“I have taken a different perspective on how I approach my daily life.”

African American civil rights leader Martin Luther King addresses crowds during the March On Washington at the Lincoln Memorial, Washington D.C. He would encourage all young people to strive to be themselves.

By Mohammed Merghani

Mohammed Merghani

The Event:

Let me set the scene. It was a lovely morning, and I (then an elementary school student) was excited about American History Day. Maybe a little more excited about the pizza that would be offered at lunchtime, but nevertheless, I was eager to get to school with all the activities our school was going to run. That took a turn quite quickly.

During brunch, after some activities had just taught us a bit about slavery and that it was terrible, not really getting into the nitty gritty, which is expected, since we were just in elementary school. As we went outside, a student (white) pointed at me and yelled, “That guy is the right color to be a slave.”

At that point in time, my parents had always told me to stand up for myself. But at that moment I did not have a response. I did whatever an elementary school student would do. I went to the teacher, which led to nothing but an apology that was forced just to see that the other student did not get in any trouble.

Yet what I get from this is a memory I will remember for the rest of my life. I was an afterthought to the other student’s emotions at that moment. Due to my immigrant parents’ long-winded conversation with the school, I was able to have a sit-down with the principal. This allowed me to have some closure and finally see that there were repercussions to the other student’s actions.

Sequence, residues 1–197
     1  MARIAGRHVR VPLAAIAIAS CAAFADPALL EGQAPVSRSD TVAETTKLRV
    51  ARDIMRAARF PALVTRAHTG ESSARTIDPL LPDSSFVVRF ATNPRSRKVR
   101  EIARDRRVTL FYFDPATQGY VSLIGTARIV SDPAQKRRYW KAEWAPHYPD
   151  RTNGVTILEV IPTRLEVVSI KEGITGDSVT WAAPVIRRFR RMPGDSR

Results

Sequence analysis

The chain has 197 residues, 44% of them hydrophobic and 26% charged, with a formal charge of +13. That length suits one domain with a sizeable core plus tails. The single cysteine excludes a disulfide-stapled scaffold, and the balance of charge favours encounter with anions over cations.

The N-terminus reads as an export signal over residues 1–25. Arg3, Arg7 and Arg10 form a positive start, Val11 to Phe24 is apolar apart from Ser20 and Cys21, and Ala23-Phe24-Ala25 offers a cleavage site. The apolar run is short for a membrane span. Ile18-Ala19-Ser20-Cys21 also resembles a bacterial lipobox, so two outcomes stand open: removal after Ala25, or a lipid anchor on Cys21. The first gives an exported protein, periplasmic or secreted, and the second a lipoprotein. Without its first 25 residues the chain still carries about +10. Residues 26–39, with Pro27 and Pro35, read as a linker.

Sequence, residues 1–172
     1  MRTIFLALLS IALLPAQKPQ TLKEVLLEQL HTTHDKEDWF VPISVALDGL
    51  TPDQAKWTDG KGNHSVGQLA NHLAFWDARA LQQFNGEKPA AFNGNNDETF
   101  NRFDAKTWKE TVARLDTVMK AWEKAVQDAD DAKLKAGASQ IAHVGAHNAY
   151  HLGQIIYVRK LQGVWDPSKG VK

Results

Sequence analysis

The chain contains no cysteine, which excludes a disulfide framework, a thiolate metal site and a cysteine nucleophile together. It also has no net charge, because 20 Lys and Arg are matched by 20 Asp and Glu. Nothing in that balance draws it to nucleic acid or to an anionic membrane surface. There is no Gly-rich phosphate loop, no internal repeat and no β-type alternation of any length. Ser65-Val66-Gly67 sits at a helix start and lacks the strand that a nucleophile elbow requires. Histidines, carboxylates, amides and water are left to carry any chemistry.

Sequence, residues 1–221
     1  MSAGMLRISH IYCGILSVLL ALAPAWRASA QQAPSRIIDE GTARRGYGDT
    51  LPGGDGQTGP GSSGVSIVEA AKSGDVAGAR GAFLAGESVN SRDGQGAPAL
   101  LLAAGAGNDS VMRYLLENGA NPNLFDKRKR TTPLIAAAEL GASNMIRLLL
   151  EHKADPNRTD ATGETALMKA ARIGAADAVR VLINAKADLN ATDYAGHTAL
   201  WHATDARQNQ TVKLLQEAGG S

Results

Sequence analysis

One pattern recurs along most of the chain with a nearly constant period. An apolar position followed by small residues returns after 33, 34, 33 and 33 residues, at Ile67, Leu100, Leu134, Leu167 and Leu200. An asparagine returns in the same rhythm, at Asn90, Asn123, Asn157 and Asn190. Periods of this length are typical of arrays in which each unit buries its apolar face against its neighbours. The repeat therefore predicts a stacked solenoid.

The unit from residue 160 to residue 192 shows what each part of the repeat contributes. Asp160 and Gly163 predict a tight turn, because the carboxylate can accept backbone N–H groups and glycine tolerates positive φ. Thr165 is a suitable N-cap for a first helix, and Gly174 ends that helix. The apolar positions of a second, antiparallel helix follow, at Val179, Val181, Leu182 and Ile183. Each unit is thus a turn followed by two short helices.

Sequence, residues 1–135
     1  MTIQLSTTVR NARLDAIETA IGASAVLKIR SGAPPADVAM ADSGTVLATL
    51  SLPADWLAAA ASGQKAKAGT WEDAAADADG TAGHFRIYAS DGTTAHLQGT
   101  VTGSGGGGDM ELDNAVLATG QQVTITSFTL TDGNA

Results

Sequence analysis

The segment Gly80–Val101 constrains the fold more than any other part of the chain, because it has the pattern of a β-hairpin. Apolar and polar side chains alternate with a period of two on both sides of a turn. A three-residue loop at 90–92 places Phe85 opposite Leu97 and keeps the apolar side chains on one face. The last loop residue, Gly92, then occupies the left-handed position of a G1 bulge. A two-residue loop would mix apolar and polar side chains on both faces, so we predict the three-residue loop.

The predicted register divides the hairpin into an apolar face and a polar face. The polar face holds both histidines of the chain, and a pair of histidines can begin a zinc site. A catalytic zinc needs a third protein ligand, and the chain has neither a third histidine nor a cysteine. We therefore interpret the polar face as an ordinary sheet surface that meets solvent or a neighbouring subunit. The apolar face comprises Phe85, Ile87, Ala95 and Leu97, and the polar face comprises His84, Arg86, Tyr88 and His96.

The Reflection:

As I look back on that day, I may never know why he decided to say or do what he did. But ever since then, I have taken a different perspective on how I approach my daily life.

Recently, in my AP English Language class here at Sobrato, I read a book about a man. I noticed many connections between how I go about my life and a single character. He described small things he noticed, minute things, such as people clutching their belongings as he walked through the streets by himself. And as he walked the streets at night, he would sing classical tunes to ease the fear, even going to the extent of walking on the other side of the street to ease another person’s mind.

After seeing these connections, I realized that in our world today, being an African/African American, we have to make ourselves less threatening. That is reality. As I go through life, I have been taught to be respectful and develop these habits, thinking they are normal yet not. Our lives currently revolve around the comfort of others, yet we have not been able to truly see what this has done to our community.

The impact that I want to have on the community is that I helped other young people in our community to be proud of who they are, to represent themselves, and to respect themselves for who they are.

I would like to end by thanking those who have given me the opportunity, as well as thanking my parents for allowing me to get the closure I need and to be the man I am today.

Mohamed Merghani is a junior at Sobrato High School. He wrote on his reflections on Black History Month.